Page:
Invigilators were in force at GOMA to reduce the risk of such accidents, and while lines did form at Kusama’s immersive installations, they were manageable. Actually the gallery even created a separate entrance for the highly popular installation Infinity Mirrored Room – Gleaming Lights of the Souls (2008), so as not to clutter or disturb the experience of viewing other works in the exhibition.
In contrast the American exhibition experience has been thus described: ‘Visitors can expect to be funnelled through the exhibition – once you leave a room, you must continue forward, to the next line for the next artwork.’
GOMA's exhibition had lots of entry and exit points, and while there was a central spine that corralled visitors through the exhibition, it also presented plenty of side diversions and eddies of interest that effectively dispersed crowds across this popular show.
At The Broad, the grand finale was The Obliteration Room (2002-present), an interactive domestic space that viewers get to cover with colour polka dots. This iconic piece was developed in collaboration between Kusama and the Queensland Art Gallery for the 2002 Asia Pacific Triennial, and entered the collection in 2012.
It is fabulous that it is recreated in the American tour carrying GOMA’s name. GOMA confirmed that over five million people have experienced the installation in its various presentations across 21 venues in 15 countries since 2002. It is also part of the Brisbane exhibition.
Enjoying The Obliteration Room (2002-present) at GOMA. Photo: Artshub.
Overall, the content of both exhibitions is relatively similar, the Brisbane show perhaps offering a greater weight towards Kusama’s early career with paintings as early as the mid 1950s. Co-curator Reuben Keehan told ArtsHub that it offered insights into how Kusama’s work is read in Japan, compared to the better known narratives constructed by international curators in the West.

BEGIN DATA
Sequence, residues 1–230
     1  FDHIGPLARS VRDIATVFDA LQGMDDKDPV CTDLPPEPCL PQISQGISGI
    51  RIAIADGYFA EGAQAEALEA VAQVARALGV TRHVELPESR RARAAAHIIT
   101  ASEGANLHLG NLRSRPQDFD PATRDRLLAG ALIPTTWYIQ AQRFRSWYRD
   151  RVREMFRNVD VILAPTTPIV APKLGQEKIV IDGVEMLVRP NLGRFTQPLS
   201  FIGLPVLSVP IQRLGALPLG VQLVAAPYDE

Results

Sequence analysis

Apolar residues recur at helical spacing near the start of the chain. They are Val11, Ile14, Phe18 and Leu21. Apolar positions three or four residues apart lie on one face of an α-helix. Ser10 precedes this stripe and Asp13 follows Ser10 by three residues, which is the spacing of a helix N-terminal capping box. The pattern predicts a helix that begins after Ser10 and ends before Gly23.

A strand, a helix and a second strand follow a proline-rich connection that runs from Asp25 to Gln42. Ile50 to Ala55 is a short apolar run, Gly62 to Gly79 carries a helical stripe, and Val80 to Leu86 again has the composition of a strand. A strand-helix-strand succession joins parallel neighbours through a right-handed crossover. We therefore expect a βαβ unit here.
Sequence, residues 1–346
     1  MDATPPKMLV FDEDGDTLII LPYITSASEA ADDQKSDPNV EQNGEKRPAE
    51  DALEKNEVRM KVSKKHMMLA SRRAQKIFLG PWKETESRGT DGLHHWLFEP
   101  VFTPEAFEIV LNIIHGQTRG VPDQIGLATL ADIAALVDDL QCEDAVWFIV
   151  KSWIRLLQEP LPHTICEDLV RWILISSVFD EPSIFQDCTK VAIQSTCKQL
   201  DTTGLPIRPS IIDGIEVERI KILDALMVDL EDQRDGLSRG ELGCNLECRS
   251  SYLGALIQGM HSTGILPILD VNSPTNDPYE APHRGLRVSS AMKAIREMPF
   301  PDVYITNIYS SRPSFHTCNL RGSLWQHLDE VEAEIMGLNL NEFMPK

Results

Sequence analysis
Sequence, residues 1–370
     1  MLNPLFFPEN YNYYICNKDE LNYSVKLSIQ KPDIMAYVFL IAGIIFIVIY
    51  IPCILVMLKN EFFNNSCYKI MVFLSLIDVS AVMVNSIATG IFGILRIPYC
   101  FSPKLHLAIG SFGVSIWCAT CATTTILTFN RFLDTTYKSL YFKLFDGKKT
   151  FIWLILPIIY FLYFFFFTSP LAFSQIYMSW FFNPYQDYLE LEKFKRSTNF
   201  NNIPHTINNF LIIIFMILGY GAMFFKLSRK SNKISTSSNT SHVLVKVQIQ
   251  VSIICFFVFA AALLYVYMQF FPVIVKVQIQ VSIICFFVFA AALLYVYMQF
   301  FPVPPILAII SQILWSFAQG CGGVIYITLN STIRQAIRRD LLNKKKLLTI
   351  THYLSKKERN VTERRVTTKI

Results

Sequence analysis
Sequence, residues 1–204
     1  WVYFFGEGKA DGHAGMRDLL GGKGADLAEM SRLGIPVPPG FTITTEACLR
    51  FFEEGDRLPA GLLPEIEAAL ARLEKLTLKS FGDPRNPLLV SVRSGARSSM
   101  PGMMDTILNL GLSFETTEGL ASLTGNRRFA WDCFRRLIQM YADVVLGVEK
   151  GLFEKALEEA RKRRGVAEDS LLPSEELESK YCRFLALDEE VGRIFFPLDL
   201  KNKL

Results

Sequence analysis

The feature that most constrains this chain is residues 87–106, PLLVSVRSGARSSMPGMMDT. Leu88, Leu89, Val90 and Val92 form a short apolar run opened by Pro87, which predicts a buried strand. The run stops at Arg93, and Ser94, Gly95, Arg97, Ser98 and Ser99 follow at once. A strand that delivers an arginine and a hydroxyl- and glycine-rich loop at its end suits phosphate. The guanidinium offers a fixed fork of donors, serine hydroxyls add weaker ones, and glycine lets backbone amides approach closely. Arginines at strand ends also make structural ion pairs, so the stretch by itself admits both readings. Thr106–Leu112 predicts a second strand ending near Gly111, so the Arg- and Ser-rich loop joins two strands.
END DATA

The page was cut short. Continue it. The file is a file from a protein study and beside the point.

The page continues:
For most however, the joy is in sharing the exhibition – aka snapping yourself coordinated with Kusama’s dots and mirrors and posting the photo on social media.
Momentum and market
Kusama’s New York gallerist is not missing out on the current spotlight. David Zwirner is capitalising on the moment, unveiling two major concurrent exhibitions of recent work by Kusama across three gallery spaces in New York: Festival of Life at 525 and 533 West 19th Street in Chelsea and Infinity Nets at the recently opened space on 34 East 69th Street on the Upper East Side, showing 2 November – 16 December.
Zwirner's site promotes: ‘The exhibitions will feature sixty-six paintings from [Kusama's] iconic My Eternal Soul series, new large-scale flower sculptures, a polka-dotted environment, and two Infinity Mirror Rooms in the Chelsea locations, and a selection of new Infinity Nets paintings uptown.'
So you can love your Kusama, snap your Kusama and buy your Kusama too – engagement at every economic level.
Yayoi Kusama: Life is the heart of a Rainbow is showing at Gallery of Modern Art (GOMA) from 4 November 2017 until 11 February 2018.
Yayoi Kusama: Infinity Mirrors is on view at The Broad in Los Angeles, 21 October 2017 – 1 January 2018.